6 Healthy Breakfast Foods for Under $4

by in Food and Nutrition Experts, Healthy Tips, February 7, 2017

Breakfast is the first opportunity during the day to nourish your body with the vitamins and minerals it needs to keep you healthy. Instead of grabbing for the massive carb-filled muffin at the corner store or skimping on breakfast altogether, opt for these 6 good-for-you breakfast foods instead.

 

Oatmeal Cups

Whip up a healthy whole grain breakfast in a flash by just adding boiling water. If you’re racing to work, don’t forget to pack a spoon.

Average cost: $1.99

 

Greek Yogurt

Instead of going sans breakfast, munch on nonfat Greek yogurt which provides twice the amount of protein compared to traditional yogurt. Protein also helps keep you satisfied so you can concentrate on your morning.

Average cost: $1.50 Read more

Is Sweet Potato Toast the New Avocado Toast?

by in Food News, Have You Tried, Trends, February 5, 2017

Thanks to the social mediasphere, sweet potato toast has emerged as one of the biggest food fads of the last several months. The concept of simply toasting a sliced sweet potato intrigued me, so I had to check out what the frenzy is all about. While I wouldn’t say sweet potato toast resembles toasted bread, it is an easy and delicious way to add more vegetables to your day, especially if you love sweet potatoes like I do. Plus, that vibrant color is sure to bring joy to mealtime. Here is what you need to know about sweet potato toast.

Nutritional benefits of sweet potatoes

Beta-carotene, the nutrient that the body converts into vitamin A, reigns as the nutritional crown jewel of sweet potatoes, providing more than 230% of the daily value in just one small tater. For the sake of this post, I’m using one small, 60-gram sweet potato, which is closest to the weight of a slice of bread that weighs in at 43 grams.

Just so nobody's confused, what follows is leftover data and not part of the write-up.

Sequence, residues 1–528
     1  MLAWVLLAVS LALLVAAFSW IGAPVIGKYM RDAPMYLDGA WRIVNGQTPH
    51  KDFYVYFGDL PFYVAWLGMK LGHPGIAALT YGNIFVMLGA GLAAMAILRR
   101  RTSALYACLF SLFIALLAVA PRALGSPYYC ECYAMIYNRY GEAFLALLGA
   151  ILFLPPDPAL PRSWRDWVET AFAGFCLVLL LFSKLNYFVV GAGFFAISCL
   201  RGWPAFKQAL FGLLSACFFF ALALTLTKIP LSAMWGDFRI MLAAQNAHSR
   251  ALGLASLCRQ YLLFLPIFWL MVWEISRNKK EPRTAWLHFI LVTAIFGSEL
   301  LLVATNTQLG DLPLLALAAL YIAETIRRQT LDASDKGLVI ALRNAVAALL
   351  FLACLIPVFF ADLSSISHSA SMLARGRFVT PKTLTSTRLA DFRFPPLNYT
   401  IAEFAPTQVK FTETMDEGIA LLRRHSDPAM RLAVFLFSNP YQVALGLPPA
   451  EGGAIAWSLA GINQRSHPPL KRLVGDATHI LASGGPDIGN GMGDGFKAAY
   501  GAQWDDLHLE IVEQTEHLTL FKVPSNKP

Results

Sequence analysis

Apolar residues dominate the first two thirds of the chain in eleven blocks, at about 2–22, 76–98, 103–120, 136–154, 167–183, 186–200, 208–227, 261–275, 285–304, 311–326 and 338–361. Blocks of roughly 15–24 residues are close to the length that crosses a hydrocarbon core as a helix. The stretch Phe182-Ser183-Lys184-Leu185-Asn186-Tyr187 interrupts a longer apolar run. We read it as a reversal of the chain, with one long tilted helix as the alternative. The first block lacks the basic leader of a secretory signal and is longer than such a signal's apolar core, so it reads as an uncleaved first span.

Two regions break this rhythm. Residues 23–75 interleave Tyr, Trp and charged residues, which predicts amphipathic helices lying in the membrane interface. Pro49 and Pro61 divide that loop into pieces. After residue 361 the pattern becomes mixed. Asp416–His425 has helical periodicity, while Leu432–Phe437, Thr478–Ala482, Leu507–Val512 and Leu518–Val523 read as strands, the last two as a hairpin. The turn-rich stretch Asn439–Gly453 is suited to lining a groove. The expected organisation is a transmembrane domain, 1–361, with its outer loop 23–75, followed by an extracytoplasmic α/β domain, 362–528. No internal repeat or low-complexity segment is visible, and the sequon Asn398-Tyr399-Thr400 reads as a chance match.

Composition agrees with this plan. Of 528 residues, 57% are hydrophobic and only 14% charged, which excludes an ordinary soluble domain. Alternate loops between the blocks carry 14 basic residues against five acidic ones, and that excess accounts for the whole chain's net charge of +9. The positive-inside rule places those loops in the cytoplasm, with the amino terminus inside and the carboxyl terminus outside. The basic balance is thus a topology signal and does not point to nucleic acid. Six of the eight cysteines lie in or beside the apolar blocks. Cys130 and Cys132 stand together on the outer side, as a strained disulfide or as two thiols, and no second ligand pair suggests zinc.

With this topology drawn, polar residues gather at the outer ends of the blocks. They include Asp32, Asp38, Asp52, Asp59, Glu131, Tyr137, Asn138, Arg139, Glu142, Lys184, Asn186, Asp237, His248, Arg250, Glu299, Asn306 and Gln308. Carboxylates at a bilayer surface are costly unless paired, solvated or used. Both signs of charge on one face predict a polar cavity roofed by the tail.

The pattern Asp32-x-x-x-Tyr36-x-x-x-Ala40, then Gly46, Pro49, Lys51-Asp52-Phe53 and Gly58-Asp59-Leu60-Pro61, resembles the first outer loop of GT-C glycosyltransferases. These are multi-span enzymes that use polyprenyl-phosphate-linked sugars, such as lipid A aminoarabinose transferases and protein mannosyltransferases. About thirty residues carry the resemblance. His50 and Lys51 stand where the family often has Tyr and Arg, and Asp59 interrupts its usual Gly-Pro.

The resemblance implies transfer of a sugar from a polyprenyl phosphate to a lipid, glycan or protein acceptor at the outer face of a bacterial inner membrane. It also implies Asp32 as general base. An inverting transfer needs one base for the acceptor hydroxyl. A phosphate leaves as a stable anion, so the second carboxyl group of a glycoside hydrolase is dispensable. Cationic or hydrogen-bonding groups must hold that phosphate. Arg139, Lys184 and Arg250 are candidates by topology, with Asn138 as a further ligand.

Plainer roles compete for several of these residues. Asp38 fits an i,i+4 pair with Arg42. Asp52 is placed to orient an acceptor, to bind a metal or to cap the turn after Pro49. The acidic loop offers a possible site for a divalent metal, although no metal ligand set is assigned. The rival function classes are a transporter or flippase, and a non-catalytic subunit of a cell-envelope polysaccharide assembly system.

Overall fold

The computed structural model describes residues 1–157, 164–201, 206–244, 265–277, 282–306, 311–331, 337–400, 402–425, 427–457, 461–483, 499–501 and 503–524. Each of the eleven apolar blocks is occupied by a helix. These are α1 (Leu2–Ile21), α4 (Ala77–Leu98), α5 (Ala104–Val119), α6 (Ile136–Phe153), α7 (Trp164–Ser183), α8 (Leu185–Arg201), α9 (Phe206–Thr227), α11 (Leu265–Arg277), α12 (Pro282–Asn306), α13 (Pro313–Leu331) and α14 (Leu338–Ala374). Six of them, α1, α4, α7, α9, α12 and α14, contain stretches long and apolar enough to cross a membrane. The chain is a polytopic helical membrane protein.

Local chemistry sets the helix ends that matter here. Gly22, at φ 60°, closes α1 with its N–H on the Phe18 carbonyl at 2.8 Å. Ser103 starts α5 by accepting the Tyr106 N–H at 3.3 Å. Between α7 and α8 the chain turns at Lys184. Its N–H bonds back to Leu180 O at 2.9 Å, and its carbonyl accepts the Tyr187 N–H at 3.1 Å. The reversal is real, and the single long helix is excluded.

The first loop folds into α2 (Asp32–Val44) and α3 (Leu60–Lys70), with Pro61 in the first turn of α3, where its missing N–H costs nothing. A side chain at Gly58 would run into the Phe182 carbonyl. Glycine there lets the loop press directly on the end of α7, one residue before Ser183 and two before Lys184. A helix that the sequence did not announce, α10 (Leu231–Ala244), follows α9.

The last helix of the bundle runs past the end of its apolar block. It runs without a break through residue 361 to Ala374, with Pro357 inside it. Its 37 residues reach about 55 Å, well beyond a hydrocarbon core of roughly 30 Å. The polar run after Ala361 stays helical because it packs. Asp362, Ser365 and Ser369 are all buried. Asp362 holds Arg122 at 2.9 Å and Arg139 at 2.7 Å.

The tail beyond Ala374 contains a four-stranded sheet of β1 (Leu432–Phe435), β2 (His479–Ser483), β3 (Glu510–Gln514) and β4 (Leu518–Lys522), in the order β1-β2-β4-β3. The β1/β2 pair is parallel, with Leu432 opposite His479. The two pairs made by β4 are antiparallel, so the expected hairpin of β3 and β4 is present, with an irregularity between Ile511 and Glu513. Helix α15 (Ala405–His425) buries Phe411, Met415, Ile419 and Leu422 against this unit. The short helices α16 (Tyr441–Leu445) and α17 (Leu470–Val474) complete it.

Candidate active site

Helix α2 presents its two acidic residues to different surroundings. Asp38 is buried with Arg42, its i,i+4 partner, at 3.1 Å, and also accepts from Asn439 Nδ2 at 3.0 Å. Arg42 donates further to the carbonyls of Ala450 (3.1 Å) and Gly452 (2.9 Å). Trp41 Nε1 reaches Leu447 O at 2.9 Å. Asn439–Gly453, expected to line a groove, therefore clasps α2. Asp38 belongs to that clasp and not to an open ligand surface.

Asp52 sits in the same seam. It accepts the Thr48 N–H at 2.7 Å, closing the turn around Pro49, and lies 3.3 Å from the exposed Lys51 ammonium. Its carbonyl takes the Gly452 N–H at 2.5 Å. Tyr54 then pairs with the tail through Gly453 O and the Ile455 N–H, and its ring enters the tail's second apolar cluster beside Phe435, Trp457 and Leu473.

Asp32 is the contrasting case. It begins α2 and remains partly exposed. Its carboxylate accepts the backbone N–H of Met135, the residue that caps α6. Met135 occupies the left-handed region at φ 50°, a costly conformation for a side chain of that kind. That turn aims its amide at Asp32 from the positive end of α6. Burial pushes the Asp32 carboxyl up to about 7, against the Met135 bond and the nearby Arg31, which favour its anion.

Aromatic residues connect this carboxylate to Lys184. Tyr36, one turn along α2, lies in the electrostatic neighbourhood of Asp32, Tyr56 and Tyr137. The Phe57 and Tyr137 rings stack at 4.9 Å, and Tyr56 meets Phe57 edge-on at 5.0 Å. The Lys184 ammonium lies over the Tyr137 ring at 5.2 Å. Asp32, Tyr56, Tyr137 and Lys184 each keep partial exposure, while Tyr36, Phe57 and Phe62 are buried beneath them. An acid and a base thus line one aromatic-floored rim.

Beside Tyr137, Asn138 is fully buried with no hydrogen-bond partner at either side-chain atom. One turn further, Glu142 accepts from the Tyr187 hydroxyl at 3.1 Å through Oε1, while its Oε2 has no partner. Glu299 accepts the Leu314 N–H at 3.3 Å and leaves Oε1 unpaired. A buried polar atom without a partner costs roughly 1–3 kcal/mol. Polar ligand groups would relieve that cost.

What’s better for you: sweet potato toast or whole-wheat toast?

Sweet potatoes count as a vegetable, and whole-wheat toast provides you with a serving of whole grains. Therefore, we’re not comparing apples to apples. Your body benefits from both whole grains and vegetables, since they provide different ranges of nutrients. Read more

Eat These Foods to Boost Your Brain Power

by in Cookbooks, Diets & Weight Loss, Food and Nutrition Experts, February 4, 2017

We’ve all had those days when our brains feel foggy: when we can’t focus and our memory is less-than sharp. And chances are, you’ve resorted to extra caffeine and a sugary snack in an effort to jolt your brain back into full function. But what if you could consume something that’s actually healthy for your brain instead?

That’s the idea behind numerous supplements, foods and drinks that contain nootropics, substances purported to improve cognition. Nootropic cocktails may contain any number of things including B vitamins, L-theanine, niacin, as well as various herbs and amino acids. But despite the growing popularity of these brain boosters, there is little scientific evidence to back up most of their claims. “I love the idea of boosting brain power, but show me any science that a supplement is better than movement, meditation and nutrient-dense brain food when it comes to mental health,” says Drew Ramsey, MD, assistant clinical professor of psychiatry, Columbia University and author of Eat Complete (Harper Collins, 2016).